Women Still Lag in Planning Their Financial Futures
Christopher Hayes has an urgent message for many baby-boom women: Start planning for retirement now, or you could face greatly reduced circumstances later.Skip to next paragraph
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As executive director of the National Center for Women and Retirement Research at Long Island University's Southampton College in New York, Dr. Hayes is conducting a three-year study, the Scudder Baby Boom Retirement Preparation Survey. His findings point to the need for better preparation by one group in particular: divorced baby-boom women.
Many of these women, Hayes says, define themselves as spenders rather than savers. They do not budget or save on a regular basis, and their investing is inadequate. Two-thirds expect Social Security to be their primary retirement income. At least two-thirds have no defined pension or 401(k) or 403(b) plan.
"We estimate that about 33 million female divorced baby boomers are at significant risk of impoverishment because of this trend," says Hayes, author of a forthcoming book, "Money Makeovers: How Women Can Control Their Financial Destiny." Unless they immediately change their investment and saving habits, he warns, many will have to work into their 70s.
When researchers ask them, "What is your priority as you get older?" the top priorities were cosmetic surgery and remaining attractive. "If there ever was a group in a massive state of denial about what is coming around the corner, it's this one," Hayes says.
Many of these single women expect to get full Social Security and Medicare benefits. But, he adds, "The voice coming out of Washington is saying that all our entitlements are going to be reduced. What will happen when we have 33 million women entering their 60s expecting entitlements that are going to be scaled back? That has horrendous implications."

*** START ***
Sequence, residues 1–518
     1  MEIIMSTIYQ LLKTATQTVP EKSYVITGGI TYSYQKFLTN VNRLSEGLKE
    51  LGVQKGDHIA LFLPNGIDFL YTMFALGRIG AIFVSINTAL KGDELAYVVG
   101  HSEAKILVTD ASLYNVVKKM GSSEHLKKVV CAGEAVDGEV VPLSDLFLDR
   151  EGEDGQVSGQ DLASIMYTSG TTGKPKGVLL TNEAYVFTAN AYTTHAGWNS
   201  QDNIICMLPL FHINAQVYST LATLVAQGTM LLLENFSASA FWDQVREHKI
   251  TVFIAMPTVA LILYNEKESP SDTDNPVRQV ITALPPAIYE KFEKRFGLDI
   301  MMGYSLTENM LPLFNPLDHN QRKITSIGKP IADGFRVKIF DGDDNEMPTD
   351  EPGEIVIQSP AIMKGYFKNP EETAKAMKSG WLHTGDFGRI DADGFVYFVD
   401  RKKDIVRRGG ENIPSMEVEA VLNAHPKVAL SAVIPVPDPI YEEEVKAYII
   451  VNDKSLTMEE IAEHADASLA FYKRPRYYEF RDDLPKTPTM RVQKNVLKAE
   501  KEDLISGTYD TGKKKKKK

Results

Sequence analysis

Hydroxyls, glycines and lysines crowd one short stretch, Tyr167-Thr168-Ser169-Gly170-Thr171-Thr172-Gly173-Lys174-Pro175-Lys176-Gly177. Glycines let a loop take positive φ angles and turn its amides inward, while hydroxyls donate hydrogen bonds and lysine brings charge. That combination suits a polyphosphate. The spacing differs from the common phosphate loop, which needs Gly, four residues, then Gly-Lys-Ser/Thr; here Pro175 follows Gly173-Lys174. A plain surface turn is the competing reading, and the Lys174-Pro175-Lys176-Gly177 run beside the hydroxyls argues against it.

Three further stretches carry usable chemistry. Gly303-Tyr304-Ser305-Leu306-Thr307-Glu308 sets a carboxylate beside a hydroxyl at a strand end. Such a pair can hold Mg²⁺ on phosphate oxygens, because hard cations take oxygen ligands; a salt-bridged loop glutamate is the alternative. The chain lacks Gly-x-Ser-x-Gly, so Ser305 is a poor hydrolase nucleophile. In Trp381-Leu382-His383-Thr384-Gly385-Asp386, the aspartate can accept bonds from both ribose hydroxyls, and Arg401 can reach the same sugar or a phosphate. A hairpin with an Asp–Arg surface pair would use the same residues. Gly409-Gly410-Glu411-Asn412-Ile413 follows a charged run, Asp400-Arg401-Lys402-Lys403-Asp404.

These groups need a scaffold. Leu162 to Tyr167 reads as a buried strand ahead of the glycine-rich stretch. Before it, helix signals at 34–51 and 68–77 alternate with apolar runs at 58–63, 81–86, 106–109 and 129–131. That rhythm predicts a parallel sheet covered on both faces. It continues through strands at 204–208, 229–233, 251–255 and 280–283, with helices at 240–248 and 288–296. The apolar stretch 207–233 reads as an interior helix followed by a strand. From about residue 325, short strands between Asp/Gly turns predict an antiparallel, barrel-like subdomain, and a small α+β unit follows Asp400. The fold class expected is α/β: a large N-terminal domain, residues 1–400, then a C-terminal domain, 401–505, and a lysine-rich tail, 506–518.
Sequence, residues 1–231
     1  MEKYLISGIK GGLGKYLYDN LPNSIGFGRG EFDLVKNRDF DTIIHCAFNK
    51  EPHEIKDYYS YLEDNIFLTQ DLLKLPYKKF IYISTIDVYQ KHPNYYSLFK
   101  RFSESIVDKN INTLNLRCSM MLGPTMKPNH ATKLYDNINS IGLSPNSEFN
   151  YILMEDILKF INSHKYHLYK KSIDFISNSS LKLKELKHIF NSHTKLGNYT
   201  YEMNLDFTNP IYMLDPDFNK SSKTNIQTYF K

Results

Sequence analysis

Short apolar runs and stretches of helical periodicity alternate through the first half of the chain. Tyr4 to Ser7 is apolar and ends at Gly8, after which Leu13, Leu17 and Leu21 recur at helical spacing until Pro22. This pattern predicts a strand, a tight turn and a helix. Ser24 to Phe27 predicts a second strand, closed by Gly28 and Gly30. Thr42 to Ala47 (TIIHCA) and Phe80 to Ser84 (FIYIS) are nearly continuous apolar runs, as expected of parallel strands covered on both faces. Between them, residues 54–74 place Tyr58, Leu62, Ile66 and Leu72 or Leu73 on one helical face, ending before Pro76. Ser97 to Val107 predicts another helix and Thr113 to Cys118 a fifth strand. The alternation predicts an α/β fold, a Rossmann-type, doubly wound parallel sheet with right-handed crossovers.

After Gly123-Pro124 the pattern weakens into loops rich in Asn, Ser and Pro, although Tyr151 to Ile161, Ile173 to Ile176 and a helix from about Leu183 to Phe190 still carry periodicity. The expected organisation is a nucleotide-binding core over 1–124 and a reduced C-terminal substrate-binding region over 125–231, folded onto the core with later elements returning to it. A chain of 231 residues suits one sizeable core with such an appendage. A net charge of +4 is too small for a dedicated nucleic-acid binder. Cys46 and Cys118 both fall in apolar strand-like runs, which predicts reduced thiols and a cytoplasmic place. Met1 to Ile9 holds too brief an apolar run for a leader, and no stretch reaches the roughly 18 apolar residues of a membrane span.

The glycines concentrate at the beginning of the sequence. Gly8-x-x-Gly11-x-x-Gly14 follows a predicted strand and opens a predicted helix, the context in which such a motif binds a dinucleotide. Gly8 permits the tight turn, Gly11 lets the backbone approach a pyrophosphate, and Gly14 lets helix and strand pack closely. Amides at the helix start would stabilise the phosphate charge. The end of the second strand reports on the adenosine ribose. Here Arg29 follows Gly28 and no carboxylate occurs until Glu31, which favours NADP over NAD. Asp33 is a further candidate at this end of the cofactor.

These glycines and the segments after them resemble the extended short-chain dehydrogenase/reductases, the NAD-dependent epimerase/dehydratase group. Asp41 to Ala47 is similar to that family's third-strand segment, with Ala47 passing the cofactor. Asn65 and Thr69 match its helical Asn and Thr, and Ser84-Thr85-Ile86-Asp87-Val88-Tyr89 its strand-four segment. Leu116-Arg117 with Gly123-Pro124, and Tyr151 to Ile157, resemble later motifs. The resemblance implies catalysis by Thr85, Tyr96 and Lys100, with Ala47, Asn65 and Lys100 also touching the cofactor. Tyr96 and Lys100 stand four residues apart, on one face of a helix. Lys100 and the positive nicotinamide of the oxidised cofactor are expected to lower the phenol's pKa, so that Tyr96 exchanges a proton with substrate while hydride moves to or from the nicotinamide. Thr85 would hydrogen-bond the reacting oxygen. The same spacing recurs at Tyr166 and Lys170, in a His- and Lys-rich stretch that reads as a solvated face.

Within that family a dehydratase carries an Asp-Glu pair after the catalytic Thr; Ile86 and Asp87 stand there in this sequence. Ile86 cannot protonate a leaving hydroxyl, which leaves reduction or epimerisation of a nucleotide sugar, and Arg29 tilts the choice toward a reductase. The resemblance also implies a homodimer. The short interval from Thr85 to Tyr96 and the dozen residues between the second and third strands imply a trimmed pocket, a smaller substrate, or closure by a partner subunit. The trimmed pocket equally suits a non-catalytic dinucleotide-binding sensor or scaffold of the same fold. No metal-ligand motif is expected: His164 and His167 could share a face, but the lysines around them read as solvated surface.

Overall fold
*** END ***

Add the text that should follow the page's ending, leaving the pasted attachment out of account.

How can baby-boomer women prepare?
First, Hayes says, they must take a "very strong, hard look at what is psychologically preventing them from assuming individual financial responsibility." They need to educate themselves. They must play a bigger role in family financial decisions. Mothers must be good financial role models for their daughters.
Hayes advises women to call the Social Security Administration to find out how many work units they have accrued. If their employer has a defined pension program or a 401(k) or 403(b), they should make the maximum contribution. And they should find a financial planner who can help them.
Even women in their 50s who have not saved can start now, says Dorothy Clark, director of the center. She recommends establishing a budget and setting aside money every week. Then put it in a money-market fund.
"Get that up to $500, then invest it in a mutual fund," Ms. Clark says. "Keep adding to it on a consistent basis, perhaps $50 or $100 each month - whatever is realistic."
She suggests keeping some money in a money-market fund for emergencies, and building that up to start another mutual fund. Clark also emphasizes the need to read about finances and attend seminars. Her group gives free seminars for women around the country.
Clark is a prime example of what women can accomplish. Eleven years ago, when she began working at the center, she was newly divorced with four children. "This was all new to me," she says. "I had let the finances be taken care of by my husband." She began taking courses. She later put four children through college herself.
"Five years ago, when men started talking about money and investments, women went to the other side of the room," says Clark. "Today's woman, the 21st-century woman, needs to stand in the middle of that circle. Even if she's not contributing, she is listening and learning."
Too often, Hayes notes, women assume that financial planning is a very complicated, male-oriented skill. "But once you educate women, they become wonderful at it. Women must believe that they have the ability and the skills, he says, adding, "Money doesn't have a specific gender. It is never too late to start to plan."
* The National Center for Women and Retirement Research, 800-426-7386.